Under the new rules, Walker's inability to secure the presence of four of the employees by process, and the court's ruling that the one witness who appeared was exempted from testifying on the ground of privilege, would be sufficient to establish unavailability. That the statements subjected the declarants to civil and criminal liability when made would establish they were "against interest."
Admittedly the new rules do not take effect until July; and if we turn to Massachusetts evidentiary rules, the situation is less clear. See W. B. Leach & P. J. Liacos, Handbook of Massachusetts Evidence 231 (4th ed. 1967). The Massachusetts cases cited by Leach & Liacos, the most recent of which was decided forty years ago, and most of which are much older, reflect the common law restrictions. However, the authors state, at p. 231, "The trend in other jurisdictions is to treat any valid basis of unavailability as sufficient. E. g. inability to locate the declarant upon diligent search, or a claim of privilege . . ." They conclude that unavailability should "include any valid showing thereof" (p. 233). Further, even under older cases, the present declarants' admissions of theft of Walker's inventory could be considered against their immediate pecuniary interest, showing a liability to make financial restitution to Walker.
Given the unanimity of the leading authorities in the field of evidence favoring admissibility, we doubt that a Massachusetts court would today rule to exclude the statements. Moreover, we are guided by Rule 43(a) towards "the statute or rule which favors the reception of the evidence"-language which, while not an invitation to license, suggests a policy consistent with our present ruling.
Accordingly, we hold that it was error to exclude any of the statements, except that of David Dalrymple. As we are sending the case back for a new trial limited to the issue of the amount of recovery, we further rule that if a sufficient predicate can be laid for Dalrymple's unavailability, or if, upon his being actually called as a witness, he declines upon a valid claim of privilege to testify, his statement may also be admitted. (We are unwilling to accept as sufficient the mere assumption that the declarant would invoke the privilege.)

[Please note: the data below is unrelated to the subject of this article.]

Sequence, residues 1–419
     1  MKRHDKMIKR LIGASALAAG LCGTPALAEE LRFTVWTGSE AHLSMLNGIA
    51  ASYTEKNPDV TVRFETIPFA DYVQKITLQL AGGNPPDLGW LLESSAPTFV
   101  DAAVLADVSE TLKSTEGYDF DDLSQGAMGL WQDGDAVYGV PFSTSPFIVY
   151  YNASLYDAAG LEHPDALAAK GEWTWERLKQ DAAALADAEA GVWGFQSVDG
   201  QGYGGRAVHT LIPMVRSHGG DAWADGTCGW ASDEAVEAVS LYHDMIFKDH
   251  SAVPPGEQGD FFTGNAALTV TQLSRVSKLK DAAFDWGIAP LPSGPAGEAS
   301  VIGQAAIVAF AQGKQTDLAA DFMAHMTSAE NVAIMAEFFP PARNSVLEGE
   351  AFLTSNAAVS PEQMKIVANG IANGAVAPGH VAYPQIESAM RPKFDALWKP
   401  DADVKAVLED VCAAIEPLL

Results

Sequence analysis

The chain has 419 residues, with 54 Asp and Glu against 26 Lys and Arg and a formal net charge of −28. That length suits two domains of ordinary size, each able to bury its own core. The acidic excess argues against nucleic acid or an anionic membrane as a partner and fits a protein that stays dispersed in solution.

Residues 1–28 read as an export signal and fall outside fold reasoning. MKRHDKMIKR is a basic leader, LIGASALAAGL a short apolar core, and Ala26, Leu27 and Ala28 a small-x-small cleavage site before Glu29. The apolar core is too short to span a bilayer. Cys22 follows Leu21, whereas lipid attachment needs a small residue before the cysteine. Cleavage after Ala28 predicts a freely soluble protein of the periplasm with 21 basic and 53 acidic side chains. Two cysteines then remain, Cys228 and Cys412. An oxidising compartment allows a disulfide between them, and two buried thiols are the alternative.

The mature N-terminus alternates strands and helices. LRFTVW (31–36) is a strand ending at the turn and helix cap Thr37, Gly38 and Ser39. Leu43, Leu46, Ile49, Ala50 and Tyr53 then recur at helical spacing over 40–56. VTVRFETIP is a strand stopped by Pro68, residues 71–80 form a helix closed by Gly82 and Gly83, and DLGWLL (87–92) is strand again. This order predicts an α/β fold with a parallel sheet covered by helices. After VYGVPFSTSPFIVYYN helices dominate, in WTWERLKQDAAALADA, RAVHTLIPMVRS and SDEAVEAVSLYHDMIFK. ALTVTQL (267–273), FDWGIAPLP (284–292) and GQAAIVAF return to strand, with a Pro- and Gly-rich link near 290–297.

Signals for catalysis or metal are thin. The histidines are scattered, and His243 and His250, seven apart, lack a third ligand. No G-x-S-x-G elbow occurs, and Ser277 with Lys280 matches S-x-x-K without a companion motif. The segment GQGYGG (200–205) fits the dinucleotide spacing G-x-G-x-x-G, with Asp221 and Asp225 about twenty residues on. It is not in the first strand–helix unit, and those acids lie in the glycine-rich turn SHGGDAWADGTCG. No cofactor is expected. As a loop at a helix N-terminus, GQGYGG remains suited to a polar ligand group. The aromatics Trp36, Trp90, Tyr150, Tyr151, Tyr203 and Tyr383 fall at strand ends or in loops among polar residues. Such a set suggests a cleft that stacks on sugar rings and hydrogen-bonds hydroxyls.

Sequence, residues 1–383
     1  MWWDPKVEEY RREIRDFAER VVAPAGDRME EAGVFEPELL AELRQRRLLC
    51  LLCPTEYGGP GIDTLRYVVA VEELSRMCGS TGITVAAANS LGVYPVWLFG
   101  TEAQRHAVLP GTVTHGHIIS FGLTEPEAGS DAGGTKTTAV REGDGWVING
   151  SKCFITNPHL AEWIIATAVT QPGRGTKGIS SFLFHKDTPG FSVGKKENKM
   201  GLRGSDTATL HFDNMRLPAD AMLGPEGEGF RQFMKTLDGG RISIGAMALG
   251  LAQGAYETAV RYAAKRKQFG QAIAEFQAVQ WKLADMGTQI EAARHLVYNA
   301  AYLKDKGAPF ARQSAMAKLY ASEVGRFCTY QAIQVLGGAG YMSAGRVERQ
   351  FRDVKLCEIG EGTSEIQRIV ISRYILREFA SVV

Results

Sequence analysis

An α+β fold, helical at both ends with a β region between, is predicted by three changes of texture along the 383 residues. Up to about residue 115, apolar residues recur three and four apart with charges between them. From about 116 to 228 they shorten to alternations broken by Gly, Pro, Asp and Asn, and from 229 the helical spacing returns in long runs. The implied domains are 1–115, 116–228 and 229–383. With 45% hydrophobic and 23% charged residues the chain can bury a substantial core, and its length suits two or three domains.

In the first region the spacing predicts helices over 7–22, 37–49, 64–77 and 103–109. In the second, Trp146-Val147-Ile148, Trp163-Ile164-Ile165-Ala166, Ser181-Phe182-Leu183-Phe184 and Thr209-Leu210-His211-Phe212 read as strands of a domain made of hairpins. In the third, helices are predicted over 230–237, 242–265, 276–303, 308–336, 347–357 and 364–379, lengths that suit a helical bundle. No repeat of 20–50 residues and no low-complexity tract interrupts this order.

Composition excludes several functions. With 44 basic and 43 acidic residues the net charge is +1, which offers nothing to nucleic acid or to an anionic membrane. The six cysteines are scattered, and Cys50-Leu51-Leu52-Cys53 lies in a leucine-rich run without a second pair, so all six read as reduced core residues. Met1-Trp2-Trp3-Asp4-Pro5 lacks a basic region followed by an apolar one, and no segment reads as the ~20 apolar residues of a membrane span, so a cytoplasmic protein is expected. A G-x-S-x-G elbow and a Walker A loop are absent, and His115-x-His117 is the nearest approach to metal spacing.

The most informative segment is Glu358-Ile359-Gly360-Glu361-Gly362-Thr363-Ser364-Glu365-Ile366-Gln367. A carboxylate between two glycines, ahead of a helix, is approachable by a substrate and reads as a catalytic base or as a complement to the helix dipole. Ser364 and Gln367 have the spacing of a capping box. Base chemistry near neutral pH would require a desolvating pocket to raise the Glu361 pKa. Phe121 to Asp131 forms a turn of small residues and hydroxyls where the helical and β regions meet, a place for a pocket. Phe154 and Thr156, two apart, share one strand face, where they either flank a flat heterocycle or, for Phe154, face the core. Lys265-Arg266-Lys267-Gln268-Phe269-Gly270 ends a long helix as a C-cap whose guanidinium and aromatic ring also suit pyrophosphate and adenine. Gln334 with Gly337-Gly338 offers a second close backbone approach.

As the statements were admissible, we believe the district court should have a further opportunity (giving the statements such weight as it determines and with such other evidence as either party wishes to introduce relative to Walker's alleged losses and the appropriate amount of its recovery) to construe and apply the provisions and limitations of the policy.
Since there must be a new trial and the district court's opinion fails to quote the policy (and the company's brief misquotes it), we will comment briefly upon its terms.
The so-called policy limit for crime (Section V), is $25,000. (Section V, Item 1). Provision ND 23 reads in part,
"8. Total Limit of Liability-Payment of loss under Section V shall not reduce the liability of The Travelers under Section V for other losses; provided, however, that the total liability of The Travelers under Section V on account of: (a) all loss incidental to an actual or attempted fraudulent, dishonest or criminal act or series of related acts, whether committed by one or more persons, at the premises in which no employee is concerned or implicated or in which there is no forgery or alteration of an instrument insured under Coverage R, or (b) all loss, other than specified in (a) preceding, caused by acts or omissions of any person (whether one of the employees or not) or acts or omissions in which such person is concerned or implicated,
is limited to the sum stated in Item 1 of the Section V Declarations . . . .
"Regardless of the number of years Section V shall continue in force and the number of premiums which shall be payable or paid, The Travelers' total limit of liability shall not be cumulative from year to year or period to period."
These provisions must be read against the basic "Insuring Agreements." The first is
"I. Coverage N-Employee Dishonesty-Loss of money, securities and other property which the Insured shall sustain through any fraudulent or dishonest act or acts committed by any of the employees, acting alone or in collusion with others."
In addition, Paragraphs II and III cover loss occasioned by non-employees. These are limited to "money and securities," and omit the phrase "and other property."*
We find nothing in the policy about "occurrences," or certain other language referred to by both parties.
Since there may be different evidence on the new trial, and the parties have failed to consider the actual policy language, we will refrain from further comment at this time, except to say that we do not understand the procedure adopted at trial of simply asking company witnesses what the policy meant. Absent exceptional circumstance one must look to the policy itself, not to witnesses.
Reversed and remanded for a new trial limited to Walker's recovery under the policy.
By quoting these particular provisions, we do not exclude the possibility that other language in the policy is pertinent to this question